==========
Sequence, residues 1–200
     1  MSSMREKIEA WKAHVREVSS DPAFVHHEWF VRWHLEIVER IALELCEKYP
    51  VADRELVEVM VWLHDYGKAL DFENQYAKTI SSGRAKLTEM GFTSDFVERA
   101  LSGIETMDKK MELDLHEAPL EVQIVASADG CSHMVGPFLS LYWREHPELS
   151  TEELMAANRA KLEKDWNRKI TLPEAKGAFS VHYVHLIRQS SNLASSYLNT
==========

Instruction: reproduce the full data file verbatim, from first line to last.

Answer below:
Sequence, residues 1–200
     1  MSSMREKIEA WKAHVREVSS DPAFVHHEWF VRWHLEIVER IALELCEKYP
    51  VADRELVEVM VWLHDYGKAL DFENQYAKTI SSGRAKLTEM GFTSDFVERA
   101  LSGIETMDKK MELDLHEAPL EVQIVASADG CSHMVGPFLS LYWREHPELS
   151  TEELMAANRA KLEKDWNRKI TLPEAKGAFS VHYVHLIRQS SNLASSYLNT